Jenkins with Pipelines

Reading Time: 3 minutes

Jenkins is a self-contained, open-source automation server which can be used to automate all sorts of tasks related to building, testing, and delivering or deploying software. It is a Continuous Integration (CI) server or tool which is written in Java. 

Continuous Integration (CI) is a development practice that requires developers to integrate code into a shared repository several times a day. It is a process of running your tests on a non-developer (say testers) machine automatically when someone pushes new code into the source repository. The below diagram shows the CI workflow

Steps to run Jenkins on your local system 

  1. Download
  2. Open up a terminal in the download directory.
  3. Run java -jar jenkins.war –httpPort=8080.
  4. Browse to http://localhost:8080.
  5. Follow the instructions to complete the installation

Jenkins pipeline

Jenkins Pipeline (or simply “Pipeline”) is a suite of plugins which supports implementing and integrating continuous delivery pipelines into Jenkins.

A continuous delivery pipeline is an automated expression of your process for getting the software from version control right through to your users and customers.

It provides an extensible set of tools for modeling simple-to-complex delivery pipelines “as code”. The definition of a Pipeline is typically written into a text file (called a Jenkinsfile ) which in turn is checked into a project’s source control repository

Two ways of creating pipeline are:-

   1)   Declarative pipeline syntax

   2)  Scripted pipeline syntax

In this blog, we are going to use  Declarative so before starting some basic syntax

Declarative Pipeline is a relatively recent addition to Jenkins Pipeline which presents a more simplified and opinionated syntax on top of the Pipeline sub-systems.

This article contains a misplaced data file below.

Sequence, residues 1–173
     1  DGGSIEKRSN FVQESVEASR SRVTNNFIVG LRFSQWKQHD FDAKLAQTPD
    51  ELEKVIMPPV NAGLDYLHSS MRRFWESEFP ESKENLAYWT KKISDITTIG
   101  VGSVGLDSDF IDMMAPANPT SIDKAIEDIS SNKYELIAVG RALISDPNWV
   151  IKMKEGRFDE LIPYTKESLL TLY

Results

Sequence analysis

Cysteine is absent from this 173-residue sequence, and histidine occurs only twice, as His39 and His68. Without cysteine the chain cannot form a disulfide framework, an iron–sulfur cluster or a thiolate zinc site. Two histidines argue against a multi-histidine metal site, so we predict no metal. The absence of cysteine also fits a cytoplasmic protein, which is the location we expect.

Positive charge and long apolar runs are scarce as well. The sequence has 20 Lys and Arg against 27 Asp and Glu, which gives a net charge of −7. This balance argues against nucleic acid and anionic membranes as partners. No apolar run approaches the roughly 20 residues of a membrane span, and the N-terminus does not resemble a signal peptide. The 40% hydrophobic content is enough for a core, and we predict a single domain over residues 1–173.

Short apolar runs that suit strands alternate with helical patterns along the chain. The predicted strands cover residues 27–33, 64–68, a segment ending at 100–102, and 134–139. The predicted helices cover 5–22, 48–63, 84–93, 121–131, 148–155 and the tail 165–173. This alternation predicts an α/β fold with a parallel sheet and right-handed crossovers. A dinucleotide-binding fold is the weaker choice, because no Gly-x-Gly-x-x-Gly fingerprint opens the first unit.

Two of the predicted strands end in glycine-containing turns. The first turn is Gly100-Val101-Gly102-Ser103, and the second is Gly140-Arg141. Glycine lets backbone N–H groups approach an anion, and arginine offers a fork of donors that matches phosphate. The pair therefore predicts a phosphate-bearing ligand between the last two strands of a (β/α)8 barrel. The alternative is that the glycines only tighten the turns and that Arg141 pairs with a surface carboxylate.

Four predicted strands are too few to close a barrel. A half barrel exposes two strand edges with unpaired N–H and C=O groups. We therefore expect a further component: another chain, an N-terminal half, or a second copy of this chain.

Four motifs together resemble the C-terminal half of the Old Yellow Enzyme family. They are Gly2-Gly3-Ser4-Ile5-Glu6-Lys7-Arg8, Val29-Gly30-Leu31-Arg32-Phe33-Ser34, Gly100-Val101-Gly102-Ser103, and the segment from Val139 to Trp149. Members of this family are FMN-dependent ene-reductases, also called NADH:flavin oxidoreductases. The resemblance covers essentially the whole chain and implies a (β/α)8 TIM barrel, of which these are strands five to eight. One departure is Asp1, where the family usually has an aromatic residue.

All valid Declarative Pipelines must be enclosed within a pipeline block, for example

pipeline {
    /* insert Declarative Pipeline here */


The agent section specifies where the entire Pipeline, or a specific stage, will execute in the Jenkins environment depending on where the agent section is placed

any :

Execute the Pipeline, or stage, on any available agent. For example agent any

none :

Applied at the root of the pipeline, it indicates that there is no global agent  for the entire pipeline & each stage must specify its own agent

label :

Execute the pipeline/stage on labeled agent


Uses Docker container as an execution environment for the pipeline or a specific stage

pipeline {
   agent any

   stages {

       stage('Compile') {
           steps {
               echo "Compiling..."
               sh "sbt compile"

       stage('Test') {
           steps {
               echo "Testing..."
               sh "sbt test"

       stage('Package') {
           steps {
               echo "Packaging..."
               sh "sbt package"
   post {
       always {
           mail bcc: '', body: 'Please check the build finished', cc: '', from: '', replyTo: '', subject:     ' demo', to: ''  

Steps to create a Jenkins file

1) Create a new project 

 2) Selecting pipeline Script

Select pipeline script as SCM and put the Jenkins file in the root directory of your project and also add you git repository save those changes

  3)    Build and check status 



1 thought on “Jenkins with Pipelines3 min read

Comments are closed.